Starbucks (NASDAQ:SBUX) may have hit a saturation point when it comes to opening its basic cafe units in the United States.

A recent study from BMO Capital Markets pointed out that the chain's average store has 3.6 other Starbucks cafes within a one-mile radius. That means adding new locations in most of its markets won't add sales. Instead, it will cannibalize customers from existing stores.

To keep growing, at least in its home market, the coffee chain won't succeed by adding thousands of new locations. Instead, Starbucks' U.S. growth will be fueled by getting more money out of its existing customers by offering higher-end, higher-priced experiences.

Three decanters and glasses filled with cold-brew coffee

The Seattle Roastery has been used to develop products like cold brew espresso. Image source: Starbucks.

What's next for Starbucks?

When former CEO Howard Schultz stepped down in April, he did not move into retirement or a hands-off role. Instead, he went back to his entrepreneurial roots. The man who made his idea of creating a "third place" after home and work took over efforts to grow Starbucks' Roastery and Reserve brands.

The coffee chain has one Roastery location in Seattle that serves as sort of a coffee theme park for visitors and a test lab for the company. The original Roastery offers a higher-end, more-barista-led coffee experience for visitors and its serving as a model for premium expansion for the company.

Starbucks has plans to eventually open 20-30 Roastery locations around the world with New York on track for 2018 and Chicago following in 2019. In addition, the new group being led by Schultz plans to open several hundred Reserve stores all around the world, while adding Reserve bars to up to 20% of its global locations by 2021.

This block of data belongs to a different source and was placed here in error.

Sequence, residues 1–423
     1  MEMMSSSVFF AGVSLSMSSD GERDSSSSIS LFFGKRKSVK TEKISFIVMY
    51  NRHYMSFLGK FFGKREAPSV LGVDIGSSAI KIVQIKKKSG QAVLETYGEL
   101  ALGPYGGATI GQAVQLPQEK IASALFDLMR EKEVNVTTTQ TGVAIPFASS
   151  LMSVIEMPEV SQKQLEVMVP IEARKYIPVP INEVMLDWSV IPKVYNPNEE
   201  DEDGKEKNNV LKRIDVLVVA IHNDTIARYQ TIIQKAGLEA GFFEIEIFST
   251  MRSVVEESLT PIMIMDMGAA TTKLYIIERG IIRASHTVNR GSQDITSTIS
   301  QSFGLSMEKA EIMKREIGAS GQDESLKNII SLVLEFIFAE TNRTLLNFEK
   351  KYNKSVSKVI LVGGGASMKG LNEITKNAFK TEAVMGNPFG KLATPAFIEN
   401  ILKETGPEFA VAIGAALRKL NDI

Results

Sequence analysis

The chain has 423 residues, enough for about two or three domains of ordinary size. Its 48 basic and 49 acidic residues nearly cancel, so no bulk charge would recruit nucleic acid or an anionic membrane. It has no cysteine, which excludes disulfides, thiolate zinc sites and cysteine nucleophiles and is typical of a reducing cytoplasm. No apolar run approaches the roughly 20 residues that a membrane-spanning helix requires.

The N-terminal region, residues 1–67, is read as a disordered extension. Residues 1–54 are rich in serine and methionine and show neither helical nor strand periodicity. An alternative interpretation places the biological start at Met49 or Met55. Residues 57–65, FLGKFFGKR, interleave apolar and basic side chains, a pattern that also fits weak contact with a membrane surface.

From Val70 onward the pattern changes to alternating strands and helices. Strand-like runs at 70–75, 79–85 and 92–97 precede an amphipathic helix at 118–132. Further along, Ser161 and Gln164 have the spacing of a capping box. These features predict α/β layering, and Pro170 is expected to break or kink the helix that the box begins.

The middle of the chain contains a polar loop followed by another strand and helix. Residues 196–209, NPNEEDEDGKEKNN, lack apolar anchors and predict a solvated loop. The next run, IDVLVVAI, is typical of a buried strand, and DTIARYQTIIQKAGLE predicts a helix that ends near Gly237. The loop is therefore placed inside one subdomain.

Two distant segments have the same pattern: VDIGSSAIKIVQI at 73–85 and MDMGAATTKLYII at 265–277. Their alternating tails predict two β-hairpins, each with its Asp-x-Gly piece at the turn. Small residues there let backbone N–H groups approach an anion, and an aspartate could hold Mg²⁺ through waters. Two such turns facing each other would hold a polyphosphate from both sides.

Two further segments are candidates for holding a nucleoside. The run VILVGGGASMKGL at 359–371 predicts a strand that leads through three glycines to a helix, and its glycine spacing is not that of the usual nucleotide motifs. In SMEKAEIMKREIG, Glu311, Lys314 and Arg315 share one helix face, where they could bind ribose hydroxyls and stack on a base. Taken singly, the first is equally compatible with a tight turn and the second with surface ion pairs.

Why Reserve?

If Starbucks has become a place to work or casually meet with friends over a drink, the Reserve and Roastery experiences will be much more about the coffee. The Seattle Roastery offers limited-edition coffee beans, and drinks that can't be sampled anywhere else. It also operates somewhat like a wine bar where the barista will, if you want, learn about your preferences before crafting a personalized coffee for you.

Obviously, these locations will drive higher check prices and adding Reserve Bars to existing stores may expand the hours a location remains busy. So far, the sample size is small, but in 2016 sales at the original Roastery grew by 24% over the previous year. During the chain's Q4 2016 earnings call, Schultz credited that to an average ticket that comes in at four times what a typical customer spends in a regular store.

A bright path forward

In addition to Starbucks' opportunity to grow its premium brand, the company also has a huge opportunity in China. In August, the company said it would spend $1.3 billion to buy the half of its East China joint venture it did not previously own. That gives the coffee giant full control of 1,300 stores in three Chinese provinces. In addition, Starbucks plans to open 5,000 stores in Mainland China by 2021.

Big things ahead

Starbucks has a growth plan that may take decades to realize. It will take years to build out its premium strategy in the U.S. and abroad, while its global expansion plans will also drive growth for years.

The company clearly has found a model that works across the world with its traditional cafes. As it grows its footprint with those, it can pick and choose which markets will support Roastery locations, as well as Reserve stores or bars.

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